The Emergence of Jesus Rock: On Taming the "African Beat"
Haines, John, Black Music Research Journal
What we have heard, what we have seen with our eyes
--I John 1:1
On March 4, 1966, the London Evening Standard published John Lennon's now infamous words: "Christianity will go.... We're more popular than Jesus now; I don't know which will go first--rock "n" roll or Christianity" (P. Norman 2003, 268). Some five months later, when the last part of this citation was printed on the cover of the popular American teen magazine Datebook capped off with an exclamation point--"one of the most influential marks of punctuation ever fixed in print" (quoted in "Rock 'n' roll according to John" 1966, 50) according to Devin McKinney--all hell-fire broke loose, in the words of Time magazine (2003, 141). Two days after Lennon's "rock 'n' roll or Christianity!" threat hit newsstands on July 29, public burnings of Beatles records were held in Birmingham, Alabama. Soon anti-Beatle frenzy had spread from the South to the rest of the United States. By September of 1966, Americans from New York City to Reno were burning and banning Beatles' records; John Lennon feared for his life as manager Brian Epstein tried to "quell the storm over the remark on Jesus," as one newspaper put it; "Are the Beatles Safe in America?" wondered the New Musical Express; "Is Beatlemania Dead?" asked Time ("Beatles Manager ..." 1966, 13; Spitz 2005, 627-628, 924).
So what had happened? Only two years before, Beatlemania had swept the United States with the overnight success of the Fab Four on the Ed Sullivan Show; the following year saw the release of both films A Hard Day's Night and Help! and their critically acclaimed Rubber Soul, an album that took Beatles music to a new level of maturity. Had America suddenly grown tired of the Beatles? Was Beatlemania threatening to supplant American Christianity? Some might have thought so. A year before the storm broke, one parent worried that his daughter and her friends had developed "a real cult over the Beatles," complete with "Beatle prayers" uttered before a "Beatle altar" in one girl's bedroom (McKinney 2003, 142-143).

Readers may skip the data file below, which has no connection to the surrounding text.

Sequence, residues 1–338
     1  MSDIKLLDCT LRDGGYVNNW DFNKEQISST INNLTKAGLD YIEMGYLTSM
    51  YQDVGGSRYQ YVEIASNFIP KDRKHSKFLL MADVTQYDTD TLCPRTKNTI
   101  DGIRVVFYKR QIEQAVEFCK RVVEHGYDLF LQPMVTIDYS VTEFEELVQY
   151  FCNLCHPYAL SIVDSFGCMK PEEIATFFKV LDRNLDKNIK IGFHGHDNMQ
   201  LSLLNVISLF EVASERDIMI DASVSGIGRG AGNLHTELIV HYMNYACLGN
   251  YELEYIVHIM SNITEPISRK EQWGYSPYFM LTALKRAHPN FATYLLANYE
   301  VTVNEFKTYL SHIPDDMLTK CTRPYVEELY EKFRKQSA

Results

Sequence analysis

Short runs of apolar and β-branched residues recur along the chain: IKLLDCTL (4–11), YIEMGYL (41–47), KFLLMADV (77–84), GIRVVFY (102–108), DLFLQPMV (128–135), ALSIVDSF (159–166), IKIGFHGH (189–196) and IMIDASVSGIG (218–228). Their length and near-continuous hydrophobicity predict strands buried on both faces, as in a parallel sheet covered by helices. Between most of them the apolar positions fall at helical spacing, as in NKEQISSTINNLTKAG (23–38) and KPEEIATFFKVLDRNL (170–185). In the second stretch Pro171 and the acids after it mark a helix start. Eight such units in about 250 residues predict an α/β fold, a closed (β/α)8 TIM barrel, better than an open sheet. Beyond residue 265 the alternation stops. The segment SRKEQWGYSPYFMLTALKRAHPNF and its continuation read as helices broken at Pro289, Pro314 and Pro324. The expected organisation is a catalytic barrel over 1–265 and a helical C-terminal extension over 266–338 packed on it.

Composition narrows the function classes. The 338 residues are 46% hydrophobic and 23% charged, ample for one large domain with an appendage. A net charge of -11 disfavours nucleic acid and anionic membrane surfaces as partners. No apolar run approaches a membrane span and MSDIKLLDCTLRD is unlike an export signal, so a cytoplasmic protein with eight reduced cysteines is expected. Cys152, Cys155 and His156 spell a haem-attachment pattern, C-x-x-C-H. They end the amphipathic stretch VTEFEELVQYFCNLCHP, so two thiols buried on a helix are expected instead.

In reality, the wind stirring up the 1966 "storm in a teacup" (Spitz 2005, 627) was not John Lennon, nor even Beatlemania, but rock 'n' roll itself. As detailed in this essay, many in the United States viewed rock as plagued with two principal problems: its African roots and its stimulation to dance. These two problems were related, since rock's presumed Africanness gave it dangerous rhythm. The racist denunciation of rock was not unique to the sixties; it went back a decade to rock's earliest moments, as Shane Maddock has shown (1996, 181-202). In 1956, for example, the White Citizens Council of Alabama denounced rock's sexual overtones, accusing the "basic, heavybeat music of the Negroes" of seducing unsuspecting white youth. Racist antagonism against rock only increased with the battle for civil rights and the "blanching of rock," as David Szatmary has called it (2000, 21-25; see also Romanowski 1996, 211-212). Racist prejudices in American popular music were nothing new, of course. In the 1910s, for example, jazz was called the musical "virus" of "colored ... groups that play for dancing ... they shake and jump and writhe in ways to suggest a return to the medieval jumping mania" (Osgood 1926, 11).